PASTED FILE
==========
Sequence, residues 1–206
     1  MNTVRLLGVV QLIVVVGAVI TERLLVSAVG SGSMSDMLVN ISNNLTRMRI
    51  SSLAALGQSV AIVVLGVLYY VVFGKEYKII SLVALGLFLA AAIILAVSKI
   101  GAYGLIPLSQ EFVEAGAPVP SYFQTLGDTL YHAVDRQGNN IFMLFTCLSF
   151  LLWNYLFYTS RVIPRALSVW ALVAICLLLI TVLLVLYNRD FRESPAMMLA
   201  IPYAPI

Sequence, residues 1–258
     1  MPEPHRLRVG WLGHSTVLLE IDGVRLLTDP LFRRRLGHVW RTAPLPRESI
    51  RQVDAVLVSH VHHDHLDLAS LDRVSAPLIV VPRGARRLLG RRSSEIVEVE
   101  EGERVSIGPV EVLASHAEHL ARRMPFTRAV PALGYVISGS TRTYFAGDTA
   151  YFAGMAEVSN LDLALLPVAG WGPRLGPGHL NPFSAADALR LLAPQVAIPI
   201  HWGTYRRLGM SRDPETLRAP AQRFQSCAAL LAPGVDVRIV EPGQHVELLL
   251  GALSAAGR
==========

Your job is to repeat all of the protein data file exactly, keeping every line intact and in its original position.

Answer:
Sequence, residues 1–206
     1  MNTVRLLGVV QLIVVVGAVI TERLLVSAVG SGSMSDMLVN ISNNLTRMRI
    51  SSLAALGQSV AIVVLGVLYY VVFGKEYKII SLVALGLFLA AAIILAVSKI
   101  GAYGLIPLSQ EFVEAGAPVP SYFQTLGDTL YHAVDRQGNN IFMLFTCLSF
   151  LLWNYLFYTS RVIPRALSVW ALVAICLLLI TVLLVLYNRD FRESPAMMLA
   201  IPYAPI

Sequence, residues 1–258
     1  MPEPHRLRVG WLGHSTVLLE IDGVRLLTDP LFRRRLGHVW RTAPLPRESI
    51  RQVDAVLVSH VHHDHLDLAS LDRVSAPLIV VPRGARRLLG RRSSEIVEVE
   101  EGERVSIGPV EVLASHAEHL ARRMPFTRAV PALGYVISGS TRTYFAGDTA
   151  YFAGMAEVSN LDLALLPVAG WGPRLGPGHL NPFSAADALR LLAPQVAIPI
   201  HWGTYRRLGM SRDPETLRAP AQRFQSCAAL LAPGVDVRIV EPGQHVELLL
   251  GALSAAGR